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The first Letters, Get Moving! was very popular, but had limited participation. This one will be easier to solve, but hopefully involve some tricks in golfing.

You are given a string of only lowercase letters. For each letter, with position in the alphabet m, move it so it becomes the mth letter from the end. If the value of m is longer than the length of the string, move it to the very front. Output only the fully transformed string.

Examples:

"giraffe"

  • 'g' is the 7th letter in the alphabet, it is already the 7th letter from the back, so leave it.
  • 'i' is the 9th letter, since 9 is bigger than the length of the word, it goes to the front, so the string becomes igraffe
  • 'r' is the 18th letter, like 'i' it goes to the front: rigaffe
  • 'a' is the 1st letter, it goes to the very end: rigffea
  • 'f' is the 6th letter, it becomes the 6th from the back: rfigfea
  • the next 'f' is also the 6th letter, so it also goes to 6th from the back : rffigea
  • 'e' is the 5th letters, it goes to 5th from the back: rfefiga

"flower"

  • 'f' (6) => flower
  • 'l' (12) => lfower
  • 'o' (15) => olfwer
  • 'w' (23) => wolfer
  • 'e' (5) => weolfr
  • 'r' (18) => rweolf

"pineapple"

  • 'p' (16) => pineapple
  • 'i' (9) => ipneapple
  • 'n' (14) => nipeapple
  • 'e' (5) => nipaepple
  • 'a' (1) => nipepplea
  • 'p' (16) => pnipeplea
  • 'p' (16) => ppnipelea
  • 'l' (12) => lppnipeea
  • 'e' (5) => lppneipea (make sure you move the e that hasn't been moved already! Here it doesn't matter, but below it does.)

Thanks to @Neil for improving the test cases with these 3 additions:

"pizza"

  • 'p' (16) => pizza
  • 'i' (9) => ipzza
  • 'z' (26) => zipza
  • 'z' (26) => zzipa (moving the second z!)
  • 'a' (1) => zzipa

"abracadabra"

  • 'a' (1) => bracadabraa
  • 'b' (2) => racadabraba
  • 'r' (18) => racadabraba
  • 'a' (1) => rcadabrabaa
  • 'c' (3) => radabrabcaa
  • 'a' (1) => rdabrabcaaa
  • 'd' (4) => rabrabcdaaa
  • 'a' (1) => rbrabcdaaaa
  • 'b' (2) => rrabcdaaaba
  • 'r' (18) => rrabcdaaaba
  • 'a' (1) => rrbcdaaabaa

"characters"

  • 'c' (3) => haractecrs
  • 'h' (8) => arhactecrs
  • 'a' (1) => rhactecrsa
  • 'r' (18) => rhactecrsa
  • 'a' (1) => rhctecrsaa
  • 'c' (3) => rhtecrscaa
  • 't' (20) => trhecrscaa
  • 'e' (5) => trhcrescaa
  • 'r' (18) => rtrhcescaa
  • 's' (19) => srtrhcecaa
share|improve this question
up vote 6 down vote accepted

CJam, 41 38 bytes

lee_S+W%\{Xa-X1='`-/(Xa+\L*+}fX1>W%1f=

Test it here.

share|improve this answer
    
Upvoting as it's the only other answer that works on all of my test cases. – Neil Jan 8 at 23:31
    
@Neil I would suggest you edit those additional test cases into the challenge. – Martin Ender Jan 8 at 23:34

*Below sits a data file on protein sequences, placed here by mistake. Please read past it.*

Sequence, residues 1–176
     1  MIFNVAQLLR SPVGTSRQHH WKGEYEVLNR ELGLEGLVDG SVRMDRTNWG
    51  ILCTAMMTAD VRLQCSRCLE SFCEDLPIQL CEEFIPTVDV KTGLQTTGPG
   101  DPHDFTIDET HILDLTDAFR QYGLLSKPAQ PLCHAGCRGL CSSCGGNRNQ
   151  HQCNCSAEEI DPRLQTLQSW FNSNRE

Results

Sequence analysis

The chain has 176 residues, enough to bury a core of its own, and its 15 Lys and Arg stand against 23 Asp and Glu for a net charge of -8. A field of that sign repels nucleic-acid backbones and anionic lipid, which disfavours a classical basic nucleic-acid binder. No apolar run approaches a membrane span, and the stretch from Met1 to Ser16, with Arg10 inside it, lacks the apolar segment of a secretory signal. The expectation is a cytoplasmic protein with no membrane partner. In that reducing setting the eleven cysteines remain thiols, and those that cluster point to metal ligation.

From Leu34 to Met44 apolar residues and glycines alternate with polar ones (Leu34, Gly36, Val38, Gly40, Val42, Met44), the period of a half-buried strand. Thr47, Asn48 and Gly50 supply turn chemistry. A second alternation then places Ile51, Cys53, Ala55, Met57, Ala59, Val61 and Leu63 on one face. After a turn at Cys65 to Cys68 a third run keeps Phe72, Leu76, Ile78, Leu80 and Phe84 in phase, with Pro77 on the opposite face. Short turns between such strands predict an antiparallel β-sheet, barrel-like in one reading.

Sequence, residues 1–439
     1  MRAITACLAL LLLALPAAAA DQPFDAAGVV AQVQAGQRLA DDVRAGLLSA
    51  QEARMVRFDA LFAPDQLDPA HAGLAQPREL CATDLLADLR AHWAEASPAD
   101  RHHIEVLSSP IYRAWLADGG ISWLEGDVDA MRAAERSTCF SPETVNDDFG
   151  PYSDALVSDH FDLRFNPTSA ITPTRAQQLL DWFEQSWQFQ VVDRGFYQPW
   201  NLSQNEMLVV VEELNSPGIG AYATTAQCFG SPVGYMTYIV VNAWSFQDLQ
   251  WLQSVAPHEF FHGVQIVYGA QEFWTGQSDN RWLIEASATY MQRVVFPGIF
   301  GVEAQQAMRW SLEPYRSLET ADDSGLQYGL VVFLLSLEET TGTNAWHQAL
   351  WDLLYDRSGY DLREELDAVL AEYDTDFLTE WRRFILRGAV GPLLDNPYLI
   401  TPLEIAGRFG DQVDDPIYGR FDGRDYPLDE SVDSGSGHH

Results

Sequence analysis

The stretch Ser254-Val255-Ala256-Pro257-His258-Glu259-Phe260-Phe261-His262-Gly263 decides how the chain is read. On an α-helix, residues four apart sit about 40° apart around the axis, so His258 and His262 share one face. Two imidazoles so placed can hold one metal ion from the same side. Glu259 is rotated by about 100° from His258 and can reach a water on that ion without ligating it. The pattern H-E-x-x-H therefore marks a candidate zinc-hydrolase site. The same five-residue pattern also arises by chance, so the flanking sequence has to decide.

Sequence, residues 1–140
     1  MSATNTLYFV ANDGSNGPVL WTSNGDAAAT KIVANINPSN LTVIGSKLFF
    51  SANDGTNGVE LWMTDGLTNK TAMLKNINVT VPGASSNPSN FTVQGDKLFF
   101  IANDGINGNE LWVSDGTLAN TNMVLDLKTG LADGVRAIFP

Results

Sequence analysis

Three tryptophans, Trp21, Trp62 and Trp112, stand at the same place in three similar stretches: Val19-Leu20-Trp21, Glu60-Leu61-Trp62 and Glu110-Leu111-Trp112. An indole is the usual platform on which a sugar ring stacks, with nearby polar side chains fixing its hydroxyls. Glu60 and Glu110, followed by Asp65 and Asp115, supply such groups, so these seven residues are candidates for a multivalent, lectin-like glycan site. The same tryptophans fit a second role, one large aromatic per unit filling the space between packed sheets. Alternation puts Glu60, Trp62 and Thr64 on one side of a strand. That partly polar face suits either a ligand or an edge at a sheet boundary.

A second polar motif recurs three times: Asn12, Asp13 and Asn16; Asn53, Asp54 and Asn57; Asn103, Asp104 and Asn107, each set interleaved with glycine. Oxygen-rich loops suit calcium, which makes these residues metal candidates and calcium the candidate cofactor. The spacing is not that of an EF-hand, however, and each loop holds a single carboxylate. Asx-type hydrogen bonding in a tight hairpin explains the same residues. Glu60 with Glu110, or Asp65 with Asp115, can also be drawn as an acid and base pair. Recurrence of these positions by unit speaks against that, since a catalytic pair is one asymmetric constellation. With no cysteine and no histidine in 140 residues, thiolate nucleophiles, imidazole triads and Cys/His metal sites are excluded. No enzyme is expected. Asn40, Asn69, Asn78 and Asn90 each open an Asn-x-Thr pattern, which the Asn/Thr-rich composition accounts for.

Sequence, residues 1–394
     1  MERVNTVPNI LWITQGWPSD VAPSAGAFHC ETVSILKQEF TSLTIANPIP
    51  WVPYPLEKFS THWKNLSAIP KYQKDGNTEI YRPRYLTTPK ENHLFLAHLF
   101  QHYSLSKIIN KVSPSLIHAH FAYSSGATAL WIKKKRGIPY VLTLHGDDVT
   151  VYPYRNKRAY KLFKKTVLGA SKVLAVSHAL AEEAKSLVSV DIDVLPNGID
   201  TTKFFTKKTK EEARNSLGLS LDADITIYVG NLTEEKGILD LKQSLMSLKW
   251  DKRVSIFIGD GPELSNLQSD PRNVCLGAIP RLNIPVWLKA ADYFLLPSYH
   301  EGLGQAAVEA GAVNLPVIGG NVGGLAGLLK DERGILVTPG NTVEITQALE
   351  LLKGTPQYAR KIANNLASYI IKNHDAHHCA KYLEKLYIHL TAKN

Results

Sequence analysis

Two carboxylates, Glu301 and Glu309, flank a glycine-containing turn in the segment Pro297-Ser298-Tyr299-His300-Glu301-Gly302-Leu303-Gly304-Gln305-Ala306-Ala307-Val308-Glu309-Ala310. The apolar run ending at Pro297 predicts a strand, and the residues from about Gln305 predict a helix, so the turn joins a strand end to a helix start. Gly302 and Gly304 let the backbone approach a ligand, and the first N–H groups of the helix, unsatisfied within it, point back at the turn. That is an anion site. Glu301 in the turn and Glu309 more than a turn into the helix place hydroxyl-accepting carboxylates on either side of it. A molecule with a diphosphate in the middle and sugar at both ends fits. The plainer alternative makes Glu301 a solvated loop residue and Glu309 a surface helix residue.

Shortest to pass all test cases! – geokavel Jan 14 at 19:57

Python 3, 78 bytes.

Saved 2 bytes thanks to orlp.
Saved 7 bytes thanks to DSM.

x=input()
y=[]
for z in x:m=max(len(x)-ord(z)+96,0);y[m:m]=z
print(''.join(y))

Builds the word as a list then joins it.

share|improve this answer
    
(q-p,0)[p>q] is longer than min(q-p,0). – orlp Jan 7 at 20:49
    
It is, but that doesn't do the same thing. That's always going to return 0 or a negative. – Morgan Thrapp Jan 7 at 20:52
    
Sorry, I meant max(q-p,0). – orlp Jan 7 at 20:54
    
Ah, perfect. Thanks! – Morgan Thrapp Jan 7 at 20:55

Python 2, 86 bytes

a=input();k=list(a)
for i in a:k.remove(i);k.insert(ord(i)-97,i)
print"".join(k)[::-1]

Python 3, 88 bytes

a=input();k=list(a)
for i in a:k.remove(i);k.insert(ord(i)-97,i)
print("".join(k)[::-1])

Examples

Python 2:

$ python2 test.py
"flower"
rweolf

Python 3:

$ python3 test.py
flower
rweolf
share|improve this answer
3  
k.remove removes the first instance, so this is going to fail for something like baa. – Sp3000 Jan 7 at 21:50

Javascript ES6, 136 134 131 bytes

s=>([...s].map(c=>{s=s.replace(c,'');p=s.length+97-c.charCodeAt();s=s.substr(0,p)+c.toUpperCase()+s.substring(p)}),s.toLowerCase())

Note that I take great care not to move the same character twice, otherwise pizza turns into zipza when it should be zzipa. There's also an edge case dealing with not removing characters prematurely; characters becomes maybe srtrchaeac or srtrheccaa if you do it wrongly but it should be srtrhcecaa. Another tricky word is abracadabra for which the output rrabaaadcba would be incorrect; rrbcdaaabaa would be correct.

Edit: Shaved off two bytes by using substring which automatically coerces its arguments to the range 0..length.

Edit: Shaved off three bytes by changing the first substring to substr as suggested by user81665.

share|improve this answer
    
I think you could use substr instead of substring. – user81655 Jan 8 at 1:44
    
slice is better (I think). – Mama Fun Roll Jan 8 at 2:07
    
@ՊՓԼՃՐՊՃՈԲՍԼ He can't because passing negative numbers into slice breaks it. – user81655 Jan 8 at 2:28
    
oh forgot about that. – Mama Fun Roll Jan 8 at 2:28
    
Yeah, there was a little mistake with the pizza test case you put on my post, but I fixed it. – geokavel Jan 9 at 7:23

Pyth, 18 17 bytes

uXeS,Z-lzhx;HGHzk

Test Suite.

Iterates using reduce over the input string, inserting into a string, base case empty string, at the correct position.

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𝔼𝕊𝕄𝕚𝕟, 23 chars / 40 bytes

ᴉⓜΞăМƲ ïꝈ-ᶛą$,0),0,$;Ξ⨝

Try it here (Firefox only).

Explanation

ᴉⓜΞăМƲ ïꝈ-ᶛą$,0),0,$;Ξ⨝ // implicit: ï=input, ᴉ=input split into chars, Ξ=empty array, ᶛ=lowercase alphabet
ᴉⓜ                      // map over input chars
   ΞăМƲ ïꝈ-ᶛą$,0),0,$;   // use splice to insert map item into Ξ at requested index
                      Ξ⨝ // join Ξ
                         // implicit output
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